"...these broken, wounded, and completely unpretentious people forced me to let go of my relevent self - the self that can do things, show things, prove things, build things - and forced me to reclaim that unadorned self in which I am completely vulnerable, open to recieve and give love regardless of any accomplishments."
These are the words of Henri Nouwen, who chose to leave his tenured position teaching at Harvard to work with L'Arche, a community for mentally handicapped adults. He talks about being faced with his "naked self", unable to rest on his reputation, the books he's published, the knowlege he had to impress them or create "relationships"....the things that made him "relevent" (but didn't satisfy his heart) became completely irrelevent there.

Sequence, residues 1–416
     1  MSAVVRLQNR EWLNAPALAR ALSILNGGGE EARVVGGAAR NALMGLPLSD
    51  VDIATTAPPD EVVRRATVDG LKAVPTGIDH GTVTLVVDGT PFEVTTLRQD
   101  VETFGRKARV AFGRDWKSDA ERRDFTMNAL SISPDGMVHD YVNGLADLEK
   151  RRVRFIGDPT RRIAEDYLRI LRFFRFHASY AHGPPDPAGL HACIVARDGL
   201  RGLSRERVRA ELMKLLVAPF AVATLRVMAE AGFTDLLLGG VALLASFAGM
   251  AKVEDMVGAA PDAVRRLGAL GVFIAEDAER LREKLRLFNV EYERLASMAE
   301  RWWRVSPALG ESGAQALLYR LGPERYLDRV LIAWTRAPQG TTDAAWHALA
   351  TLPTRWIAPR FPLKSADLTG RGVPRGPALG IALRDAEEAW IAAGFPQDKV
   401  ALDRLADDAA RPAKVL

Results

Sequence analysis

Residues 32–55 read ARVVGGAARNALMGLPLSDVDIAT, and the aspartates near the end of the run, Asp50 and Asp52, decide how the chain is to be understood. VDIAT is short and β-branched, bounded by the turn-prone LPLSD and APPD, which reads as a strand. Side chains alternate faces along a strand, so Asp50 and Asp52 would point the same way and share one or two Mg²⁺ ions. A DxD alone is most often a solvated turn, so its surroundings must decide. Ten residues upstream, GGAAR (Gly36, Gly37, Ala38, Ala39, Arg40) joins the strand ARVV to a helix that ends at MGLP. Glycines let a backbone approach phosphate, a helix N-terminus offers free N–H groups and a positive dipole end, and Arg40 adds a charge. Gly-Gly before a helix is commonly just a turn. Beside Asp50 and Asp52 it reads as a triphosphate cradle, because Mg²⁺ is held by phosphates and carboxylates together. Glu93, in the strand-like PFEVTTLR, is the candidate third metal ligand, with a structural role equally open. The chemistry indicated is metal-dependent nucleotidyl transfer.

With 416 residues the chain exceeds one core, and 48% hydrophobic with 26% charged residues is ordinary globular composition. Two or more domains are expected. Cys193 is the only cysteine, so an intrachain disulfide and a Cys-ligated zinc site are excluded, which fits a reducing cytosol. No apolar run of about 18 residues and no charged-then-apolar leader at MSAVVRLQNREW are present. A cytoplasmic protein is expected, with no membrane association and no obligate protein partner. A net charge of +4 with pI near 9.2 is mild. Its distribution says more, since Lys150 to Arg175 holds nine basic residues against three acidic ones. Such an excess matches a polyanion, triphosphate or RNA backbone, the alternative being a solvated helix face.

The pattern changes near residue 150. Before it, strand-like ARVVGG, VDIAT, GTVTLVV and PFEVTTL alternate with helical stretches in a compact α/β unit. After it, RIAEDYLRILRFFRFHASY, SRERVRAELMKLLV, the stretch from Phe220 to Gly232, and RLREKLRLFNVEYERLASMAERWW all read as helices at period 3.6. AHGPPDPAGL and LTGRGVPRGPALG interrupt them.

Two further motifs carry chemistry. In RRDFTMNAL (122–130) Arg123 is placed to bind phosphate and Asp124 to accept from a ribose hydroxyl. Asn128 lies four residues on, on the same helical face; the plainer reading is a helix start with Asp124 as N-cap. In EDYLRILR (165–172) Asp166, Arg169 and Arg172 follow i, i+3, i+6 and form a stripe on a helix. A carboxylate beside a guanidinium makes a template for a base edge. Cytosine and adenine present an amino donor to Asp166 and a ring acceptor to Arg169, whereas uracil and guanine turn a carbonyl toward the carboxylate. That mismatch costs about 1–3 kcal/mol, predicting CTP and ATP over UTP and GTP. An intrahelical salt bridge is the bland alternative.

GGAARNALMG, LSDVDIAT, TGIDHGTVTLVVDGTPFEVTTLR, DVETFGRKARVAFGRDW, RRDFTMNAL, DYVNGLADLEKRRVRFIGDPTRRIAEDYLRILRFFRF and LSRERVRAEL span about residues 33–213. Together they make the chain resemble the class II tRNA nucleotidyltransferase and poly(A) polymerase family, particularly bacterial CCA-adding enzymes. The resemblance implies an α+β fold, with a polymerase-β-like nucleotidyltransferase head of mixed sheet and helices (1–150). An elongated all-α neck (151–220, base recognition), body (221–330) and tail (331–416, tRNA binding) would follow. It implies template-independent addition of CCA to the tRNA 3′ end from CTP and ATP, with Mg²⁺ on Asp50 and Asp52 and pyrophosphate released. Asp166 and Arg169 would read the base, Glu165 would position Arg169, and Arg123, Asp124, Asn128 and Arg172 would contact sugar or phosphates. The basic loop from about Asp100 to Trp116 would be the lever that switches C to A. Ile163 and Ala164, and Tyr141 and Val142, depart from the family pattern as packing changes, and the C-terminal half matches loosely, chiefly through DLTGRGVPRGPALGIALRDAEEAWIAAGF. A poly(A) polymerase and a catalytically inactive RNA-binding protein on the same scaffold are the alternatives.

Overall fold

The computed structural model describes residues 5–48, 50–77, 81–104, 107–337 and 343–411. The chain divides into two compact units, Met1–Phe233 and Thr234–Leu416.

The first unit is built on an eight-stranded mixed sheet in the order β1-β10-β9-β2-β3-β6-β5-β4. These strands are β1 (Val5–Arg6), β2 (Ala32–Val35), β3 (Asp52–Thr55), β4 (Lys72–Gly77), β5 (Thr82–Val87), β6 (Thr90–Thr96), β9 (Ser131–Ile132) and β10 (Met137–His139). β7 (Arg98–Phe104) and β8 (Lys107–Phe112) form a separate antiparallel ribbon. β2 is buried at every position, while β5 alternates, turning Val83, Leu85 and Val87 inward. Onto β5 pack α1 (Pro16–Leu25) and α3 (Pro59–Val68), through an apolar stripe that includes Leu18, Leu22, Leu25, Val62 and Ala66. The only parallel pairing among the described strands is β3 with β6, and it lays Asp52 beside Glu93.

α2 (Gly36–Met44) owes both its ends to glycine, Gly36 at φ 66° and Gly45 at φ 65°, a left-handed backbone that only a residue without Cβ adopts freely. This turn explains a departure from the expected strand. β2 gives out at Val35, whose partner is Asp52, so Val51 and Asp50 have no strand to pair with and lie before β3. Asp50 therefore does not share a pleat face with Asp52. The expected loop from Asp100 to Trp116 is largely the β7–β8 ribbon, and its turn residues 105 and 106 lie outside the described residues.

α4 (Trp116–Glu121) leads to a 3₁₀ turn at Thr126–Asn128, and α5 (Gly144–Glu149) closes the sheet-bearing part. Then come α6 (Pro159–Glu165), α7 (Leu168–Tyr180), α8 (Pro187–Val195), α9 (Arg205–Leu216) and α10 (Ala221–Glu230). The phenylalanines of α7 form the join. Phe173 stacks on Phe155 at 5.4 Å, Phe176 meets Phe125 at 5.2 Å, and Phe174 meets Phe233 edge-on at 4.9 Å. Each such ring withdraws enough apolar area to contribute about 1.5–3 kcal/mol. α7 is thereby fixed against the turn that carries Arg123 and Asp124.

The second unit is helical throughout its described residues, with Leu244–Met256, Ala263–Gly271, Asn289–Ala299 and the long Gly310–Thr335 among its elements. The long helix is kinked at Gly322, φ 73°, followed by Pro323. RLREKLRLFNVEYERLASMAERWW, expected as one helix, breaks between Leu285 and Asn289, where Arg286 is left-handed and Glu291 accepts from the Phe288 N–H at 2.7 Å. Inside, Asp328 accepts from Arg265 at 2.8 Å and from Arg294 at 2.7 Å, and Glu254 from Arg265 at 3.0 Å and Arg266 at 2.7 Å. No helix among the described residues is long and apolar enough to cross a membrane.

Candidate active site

I struggle to be relevent, to prove I have something to offer - we all do, I think. Our inner shelf of personal trophies is full of our deeds, not our attitudes or be-ing's. Yet, the harder I try to prove my worth, the less sure I am of it. It's an odd paradox. I love the idea of "reclaiming my unadorned self" - being free to love and be loved for no reason at all. That really sounds like freedom to me, don't you think?